flowers + reading
What a way to start the new year! We’re fortunate to have Debra Prinzing with us to kick off 2016. Debra is a Seattle-based writer, speaker and leading advocate for American grown flowers. In addition to being the producer of slowflowers.com (an online directory to American flower farms, and florists, shops and studios who source domestic and local flowers), she is also the author of 10 books, including Slow Flowers and The 50 Mile Bouquet. Debra’s “Slow Flower Podcast” is one of my favorite resources.
I know many of us are familiar with the Slow Flower movement, but I find the story behind the movement especially interesting. Debra has invested so much time and energy in the Slow Flowers concept and I’ve asked her to share a little more about her journey with us. Hope you enjoy her BB visit!
Are you a Slow Flowers Florist?
I’m often asked how Slow Flowers got started as a “movement” in the floral industry. Thanks to Botanical Brouhaha for the time and space to share that story here. I know this post is longer than many you’ve read on this flower-centric blog, but if you hang in there with me, you’ll find a surprise at the end! We’re offering one Botanical Brouhaha reader a chance to win a free, one-year membership to Slowflowers.com, where you can list your floral business at the Premium Level (a $240 value).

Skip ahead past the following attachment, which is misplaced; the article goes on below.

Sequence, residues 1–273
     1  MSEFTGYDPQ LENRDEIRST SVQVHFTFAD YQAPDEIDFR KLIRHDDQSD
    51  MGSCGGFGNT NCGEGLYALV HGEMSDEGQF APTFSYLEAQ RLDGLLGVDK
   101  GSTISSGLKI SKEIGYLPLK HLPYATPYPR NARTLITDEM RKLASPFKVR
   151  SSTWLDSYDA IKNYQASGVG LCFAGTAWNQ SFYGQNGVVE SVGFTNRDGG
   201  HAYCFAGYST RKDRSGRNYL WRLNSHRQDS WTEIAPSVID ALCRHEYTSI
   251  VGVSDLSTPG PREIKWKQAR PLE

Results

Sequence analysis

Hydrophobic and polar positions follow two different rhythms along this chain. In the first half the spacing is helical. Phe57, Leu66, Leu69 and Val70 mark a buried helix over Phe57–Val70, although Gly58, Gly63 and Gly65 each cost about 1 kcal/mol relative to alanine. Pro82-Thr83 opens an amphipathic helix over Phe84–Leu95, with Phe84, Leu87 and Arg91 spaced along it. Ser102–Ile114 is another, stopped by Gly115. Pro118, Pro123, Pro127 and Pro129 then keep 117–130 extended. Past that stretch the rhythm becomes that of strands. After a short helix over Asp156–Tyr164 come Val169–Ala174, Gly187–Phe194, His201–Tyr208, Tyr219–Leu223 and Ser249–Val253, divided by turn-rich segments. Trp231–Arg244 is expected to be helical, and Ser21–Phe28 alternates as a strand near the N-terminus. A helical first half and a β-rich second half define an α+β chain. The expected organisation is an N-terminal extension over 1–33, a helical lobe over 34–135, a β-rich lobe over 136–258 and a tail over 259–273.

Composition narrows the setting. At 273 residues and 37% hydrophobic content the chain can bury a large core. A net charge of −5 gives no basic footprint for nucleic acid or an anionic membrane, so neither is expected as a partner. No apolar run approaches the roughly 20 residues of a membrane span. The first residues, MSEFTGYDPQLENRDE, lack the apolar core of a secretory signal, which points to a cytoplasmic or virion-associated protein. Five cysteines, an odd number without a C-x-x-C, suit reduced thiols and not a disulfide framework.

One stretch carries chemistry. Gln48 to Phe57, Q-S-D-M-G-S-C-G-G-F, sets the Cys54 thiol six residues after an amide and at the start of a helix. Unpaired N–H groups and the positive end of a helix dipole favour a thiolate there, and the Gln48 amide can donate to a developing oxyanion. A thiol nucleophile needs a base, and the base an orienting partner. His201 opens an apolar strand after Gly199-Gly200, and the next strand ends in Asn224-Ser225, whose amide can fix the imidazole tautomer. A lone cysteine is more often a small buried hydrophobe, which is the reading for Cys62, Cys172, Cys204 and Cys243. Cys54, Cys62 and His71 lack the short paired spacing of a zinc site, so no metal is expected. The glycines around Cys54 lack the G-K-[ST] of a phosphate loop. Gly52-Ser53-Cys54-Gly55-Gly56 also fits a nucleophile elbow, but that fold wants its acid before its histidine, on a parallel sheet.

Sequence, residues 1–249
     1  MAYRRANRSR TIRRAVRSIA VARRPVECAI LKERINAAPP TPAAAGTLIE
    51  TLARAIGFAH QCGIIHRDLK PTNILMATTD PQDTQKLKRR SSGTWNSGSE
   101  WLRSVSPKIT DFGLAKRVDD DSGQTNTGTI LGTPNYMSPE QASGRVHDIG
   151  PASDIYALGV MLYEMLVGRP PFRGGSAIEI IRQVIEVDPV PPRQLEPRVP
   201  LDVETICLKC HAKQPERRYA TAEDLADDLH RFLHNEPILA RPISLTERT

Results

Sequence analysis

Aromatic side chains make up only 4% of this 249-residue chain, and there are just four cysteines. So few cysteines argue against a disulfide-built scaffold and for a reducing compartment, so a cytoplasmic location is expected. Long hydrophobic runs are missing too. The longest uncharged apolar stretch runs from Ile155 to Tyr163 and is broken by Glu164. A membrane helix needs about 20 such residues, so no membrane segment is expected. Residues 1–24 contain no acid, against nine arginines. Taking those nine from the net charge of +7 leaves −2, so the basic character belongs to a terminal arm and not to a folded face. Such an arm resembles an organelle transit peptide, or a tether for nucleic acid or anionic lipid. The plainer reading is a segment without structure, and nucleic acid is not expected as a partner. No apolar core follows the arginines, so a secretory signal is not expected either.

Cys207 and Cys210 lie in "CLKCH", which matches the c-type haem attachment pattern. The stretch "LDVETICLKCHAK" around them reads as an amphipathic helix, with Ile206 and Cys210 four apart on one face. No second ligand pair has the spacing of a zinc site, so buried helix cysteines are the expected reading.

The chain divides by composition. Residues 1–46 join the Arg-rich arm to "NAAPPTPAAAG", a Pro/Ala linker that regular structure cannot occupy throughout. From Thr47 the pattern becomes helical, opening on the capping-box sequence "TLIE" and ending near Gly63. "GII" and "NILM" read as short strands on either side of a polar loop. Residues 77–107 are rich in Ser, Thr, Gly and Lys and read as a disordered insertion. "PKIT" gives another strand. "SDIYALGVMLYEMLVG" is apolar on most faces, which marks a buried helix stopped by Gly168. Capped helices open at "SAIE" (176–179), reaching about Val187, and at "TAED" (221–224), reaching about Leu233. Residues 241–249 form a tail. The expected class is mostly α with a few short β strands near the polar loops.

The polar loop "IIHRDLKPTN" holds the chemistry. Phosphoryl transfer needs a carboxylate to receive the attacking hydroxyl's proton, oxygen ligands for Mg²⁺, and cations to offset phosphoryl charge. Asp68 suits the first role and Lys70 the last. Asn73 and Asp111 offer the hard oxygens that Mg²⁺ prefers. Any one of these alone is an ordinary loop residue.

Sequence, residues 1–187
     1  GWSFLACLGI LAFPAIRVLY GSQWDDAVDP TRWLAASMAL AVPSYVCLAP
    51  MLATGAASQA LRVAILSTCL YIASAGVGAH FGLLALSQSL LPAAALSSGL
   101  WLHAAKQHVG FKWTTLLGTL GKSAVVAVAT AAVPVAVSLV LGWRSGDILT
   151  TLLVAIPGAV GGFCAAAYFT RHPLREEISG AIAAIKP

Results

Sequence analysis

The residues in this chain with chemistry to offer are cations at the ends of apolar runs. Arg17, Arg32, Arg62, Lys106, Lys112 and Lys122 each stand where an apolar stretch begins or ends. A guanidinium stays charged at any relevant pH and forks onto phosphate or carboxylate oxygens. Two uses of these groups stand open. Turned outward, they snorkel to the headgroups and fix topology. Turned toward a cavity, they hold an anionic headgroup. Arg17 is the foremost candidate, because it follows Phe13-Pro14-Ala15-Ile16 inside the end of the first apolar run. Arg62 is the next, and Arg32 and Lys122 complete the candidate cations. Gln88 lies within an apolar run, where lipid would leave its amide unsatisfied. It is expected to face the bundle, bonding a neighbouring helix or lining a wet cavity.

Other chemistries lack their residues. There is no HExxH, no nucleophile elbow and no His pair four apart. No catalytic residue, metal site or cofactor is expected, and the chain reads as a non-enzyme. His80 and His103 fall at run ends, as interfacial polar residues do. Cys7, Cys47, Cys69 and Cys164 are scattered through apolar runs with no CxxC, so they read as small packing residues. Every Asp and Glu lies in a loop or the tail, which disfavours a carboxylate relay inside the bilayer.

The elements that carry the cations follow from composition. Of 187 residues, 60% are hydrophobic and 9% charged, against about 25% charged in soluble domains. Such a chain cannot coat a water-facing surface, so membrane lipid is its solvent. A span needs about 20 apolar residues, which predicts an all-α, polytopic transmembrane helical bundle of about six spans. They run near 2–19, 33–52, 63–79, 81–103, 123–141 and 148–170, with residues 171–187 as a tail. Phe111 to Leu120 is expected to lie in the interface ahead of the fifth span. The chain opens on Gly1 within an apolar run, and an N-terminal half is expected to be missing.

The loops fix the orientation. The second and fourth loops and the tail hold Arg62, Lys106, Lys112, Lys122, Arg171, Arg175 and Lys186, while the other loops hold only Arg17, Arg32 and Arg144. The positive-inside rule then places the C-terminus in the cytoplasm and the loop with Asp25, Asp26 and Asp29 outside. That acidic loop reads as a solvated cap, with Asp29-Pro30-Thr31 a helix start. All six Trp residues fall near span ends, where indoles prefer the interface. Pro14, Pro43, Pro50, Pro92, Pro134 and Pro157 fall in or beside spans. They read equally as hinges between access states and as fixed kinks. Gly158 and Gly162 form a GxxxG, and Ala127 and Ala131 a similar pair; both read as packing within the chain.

I can date my heightened awareness of the American grown floral landscape to 2006 — that’s nearly a decade ago — when I met a very young mom named Erin Benzakein while I was scouting gardens in Mount Vernon, Washington. She was growing sweet peas and had big ambitions.
Something about our conversation resonated with me. I was an established features writer with a huge home and garden portfolio. I’d written countless floral design stories for regional and national publications and yet it had never occurred to me that there was a great imbalance in the way flowers were grown and sourced in this country.